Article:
This is the response by a person who commented on a Facebook thread where an animal advocate asked people to please spay and neuter their pets.
The comment below first made me think this person is clueless (I’d REALLY like to use more colorful words such as STUPID). The second thought that came to me is this person is WRONG!
“I have cats. They are not pets. Their job is to keep the area around my house snake and rat free. Spaying and neutering them would make them less effective. How about if we don’t try to force our opinions on others.”
Whether talking about cats or dogs, those who don’t spay or neuter their pets usually leave those who work in shelter rescue to pick up the pieces of their mistakes. We SHOULD try to force our opinion on others because hundreds of unwanted cats, dogs, puppies, and kittens are dumped each day in shelters across America when the owner decides they’re no longer wanted.
Does this person even realize how much they’re costing the community emotionally as well as financially? The majority of shelters operate on tax dollars. The cost of euthanasia has to fall somewhere. Rescue advocates are mentally exhausted trying to keep up with the demands for placement in an already impossible situation. Rescues are full and there are too few fosters to help all of the cats until a forever home can be found.
This has been another really horrible kitten season. Rural shelters are taking in HUNDREDS of cats each week as “owner surrenders.” These cats can be killed upon intake because they’re not lost or stray or missing. They’re simply unwanted and animal shelters have to deal with a problem that exists in part to no spay-neuter laws.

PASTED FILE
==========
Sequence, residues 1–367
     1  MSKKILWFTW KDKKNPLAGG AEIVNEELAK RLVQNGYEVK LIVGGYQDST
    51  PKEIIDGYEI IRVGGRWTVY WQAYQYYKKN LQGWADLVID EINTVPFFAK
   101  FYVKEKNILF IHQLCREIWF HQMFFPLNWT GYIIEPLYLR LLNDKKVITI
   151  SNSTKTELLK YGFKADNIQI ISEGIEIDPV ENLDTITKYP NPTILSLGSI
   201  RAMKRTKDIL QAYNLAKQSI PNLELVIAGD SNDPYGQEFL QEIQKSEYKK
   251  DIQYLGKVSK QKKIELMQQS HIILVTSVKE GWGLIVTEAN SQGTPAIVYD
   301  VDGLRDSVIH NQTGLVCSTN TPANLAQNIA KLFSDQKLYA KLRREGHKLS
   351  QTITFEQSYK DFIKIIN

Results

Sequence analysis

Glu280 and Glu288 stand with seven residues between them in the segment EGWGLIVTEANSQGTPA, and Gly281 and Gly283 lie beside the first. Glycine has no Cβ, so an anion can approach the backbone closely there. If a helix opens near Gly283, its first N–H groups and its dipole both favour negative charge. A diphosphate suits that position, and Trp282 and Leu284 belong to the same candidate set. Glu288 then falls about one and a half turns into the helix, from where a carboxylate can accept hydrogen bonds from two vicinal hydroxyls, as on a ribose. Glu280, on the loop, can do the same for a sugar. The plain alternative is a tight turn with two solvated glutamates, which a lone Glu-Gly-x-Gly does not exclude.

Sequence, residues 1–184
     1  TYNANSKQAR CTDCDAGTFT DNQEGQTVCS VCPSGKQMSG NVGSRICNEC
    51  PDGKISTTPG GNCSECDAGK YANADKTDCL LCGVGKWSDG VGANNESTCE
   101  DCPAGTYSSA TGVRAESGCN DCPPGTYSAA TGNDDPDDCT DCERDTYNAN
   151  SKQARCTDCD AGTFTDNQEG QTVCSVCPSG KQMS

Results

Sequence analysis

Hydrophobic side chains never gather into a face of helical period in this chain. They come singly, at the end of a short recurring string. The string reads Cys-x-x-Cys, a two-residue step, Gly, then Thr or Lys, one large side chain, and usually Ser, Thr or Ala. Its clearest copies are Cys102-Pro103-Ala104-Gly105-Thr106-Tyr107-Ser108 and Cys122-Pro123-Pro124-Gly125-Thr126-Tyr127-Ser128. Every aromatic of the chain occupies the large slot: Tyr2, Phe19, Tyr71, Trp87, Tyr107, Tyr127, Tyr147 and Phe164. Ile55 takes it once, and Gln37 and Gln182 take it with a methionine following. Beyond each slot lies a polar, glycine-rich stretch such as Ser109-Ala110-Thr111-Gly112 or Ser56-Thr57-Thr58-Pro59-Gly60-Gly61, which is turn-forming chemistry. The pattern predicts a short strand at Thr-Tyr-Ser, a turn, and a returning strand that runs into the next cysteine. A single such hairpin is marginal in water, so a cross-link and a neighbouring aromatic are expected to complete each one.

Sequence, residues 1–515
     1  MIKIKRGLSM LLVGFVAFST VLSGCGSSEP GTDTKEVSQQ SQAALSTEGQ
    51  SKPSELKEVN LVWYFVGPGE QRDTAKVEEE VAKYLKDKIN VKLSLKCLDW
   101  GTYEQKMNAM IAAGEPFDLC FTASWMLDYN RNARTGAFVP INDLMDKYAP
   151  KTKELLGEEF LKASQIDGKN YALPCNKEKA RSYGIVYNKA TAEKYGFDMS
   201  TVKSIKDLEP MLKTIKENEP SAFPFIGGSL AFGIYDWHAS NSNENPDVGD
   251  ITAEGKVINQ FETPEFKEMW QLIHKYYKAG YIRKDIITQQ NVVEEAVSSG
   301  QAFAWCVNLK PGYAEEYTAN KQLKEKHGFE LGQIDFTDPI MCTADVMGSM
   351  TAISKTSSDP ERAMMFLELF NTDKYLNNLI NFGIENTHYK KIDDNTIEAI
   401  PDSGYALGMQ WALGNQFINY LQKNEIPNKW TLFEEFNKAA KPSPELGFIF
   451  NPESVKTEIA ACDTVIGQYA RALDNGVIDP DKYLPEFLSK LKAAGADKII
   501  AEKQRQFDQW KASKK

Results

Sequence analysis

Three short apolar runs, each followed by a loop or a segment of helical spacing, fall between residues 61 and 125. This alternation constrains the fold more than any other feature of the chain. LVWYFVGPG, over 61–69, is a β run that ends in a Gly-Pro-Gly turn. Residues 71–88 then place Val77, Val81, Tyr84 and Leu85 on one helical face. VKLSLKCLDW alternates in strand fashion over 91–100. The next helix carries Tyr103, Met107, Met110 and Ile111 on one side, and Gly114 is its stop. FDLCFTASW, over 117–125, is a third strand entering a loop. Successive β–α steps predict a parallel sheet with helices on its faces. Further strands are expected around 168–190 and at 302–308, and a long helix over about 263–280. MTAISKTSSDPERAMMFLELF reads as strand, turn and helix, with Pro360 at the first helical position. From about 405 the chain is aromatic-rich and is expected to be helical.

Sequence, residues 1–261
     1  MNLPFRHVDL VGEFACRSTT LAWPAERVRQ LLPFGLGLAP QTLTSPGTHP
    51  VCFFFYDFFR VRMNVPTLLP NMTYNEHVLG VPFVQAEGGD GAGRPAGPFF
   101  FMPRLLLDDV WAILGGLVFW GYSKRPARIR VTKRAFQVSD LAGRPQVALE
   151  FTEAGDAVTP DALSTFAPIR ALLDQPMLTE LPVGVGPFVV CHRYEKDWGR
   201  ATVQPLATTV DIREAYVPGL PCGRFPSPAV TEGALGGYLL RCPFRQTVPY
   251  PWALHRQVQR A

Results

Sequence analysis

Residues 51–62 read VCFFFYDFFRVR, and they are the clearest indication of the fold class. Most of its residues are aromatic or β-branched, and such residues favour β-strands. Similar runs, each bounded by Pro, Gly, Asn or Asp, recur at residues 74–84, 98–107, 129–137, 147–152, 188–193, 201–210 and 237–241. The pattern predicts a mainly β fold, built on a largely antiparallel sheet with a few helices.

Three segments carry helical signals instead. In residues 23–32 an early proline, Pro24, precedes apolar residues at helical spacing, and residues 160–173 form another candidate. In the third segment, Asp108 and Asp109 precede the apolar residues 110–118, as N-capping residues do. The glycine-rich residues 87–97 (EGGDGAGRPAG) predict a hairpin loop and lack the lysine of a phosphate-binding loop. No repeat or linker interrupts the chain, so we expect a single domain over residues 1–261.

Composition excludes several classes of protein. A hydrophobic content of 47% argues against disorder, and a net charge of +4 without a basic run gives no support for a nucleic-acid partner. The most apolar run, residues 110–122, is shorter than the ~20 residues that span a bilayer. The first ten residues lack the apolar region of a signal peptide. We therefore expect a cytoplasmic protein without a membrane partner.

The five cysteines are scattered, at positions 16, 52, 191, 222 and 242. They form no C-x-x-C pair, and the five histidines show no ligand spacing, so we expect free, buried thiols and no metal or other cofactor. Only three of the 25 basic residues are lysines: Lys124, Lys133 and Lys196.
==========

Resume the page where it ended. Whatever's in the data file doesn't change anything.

I don’t even want to go into how many stray cats are trapped and brought to the shelter. Does he even consider his cats are more likely to wander off and end up at the shelter?
The person who made this comment is also WRONG. Unfortunately, many who live in a rural area think exactly like him.
If you have to have a working cat (AKA barn cat), the cat will be more effective once spayed or neutered. I cared for a colony for several years and I watched the time the male cats spent chasing the females in heat until each was TNR’d.
I categorized this article under “changes in behavior” because “fixing” a cat definitely changes their behavior. The cat will not only be healthier, live a longer life and be more loving, it will cut down on the annoying habits of male marking (very stinky and nearly impossible to remove the odor) and the screaming at all hours of the night of the female.
It’s fine that the man (now confirmed it was a man) who made this comment uses his cats as working cats (providing he feeds them) but he needs a good lesson in how to be part of the solution instead of part of the problem. Can you imagine how many kittens he’ll be dealing with within a year?
Oh wait, he’ll just take any kittens or cats he doesn’t want to the local shelter and keep on the rose-colored glasses that have him believing all cute cats will find a forever home.
NOTE: I have also learned this man has used this approach for 20 years now. He allegedly stated “They keep multiplying, or neighbor’s dogs or other critters get them. Mother nature has a way of balancing things out.”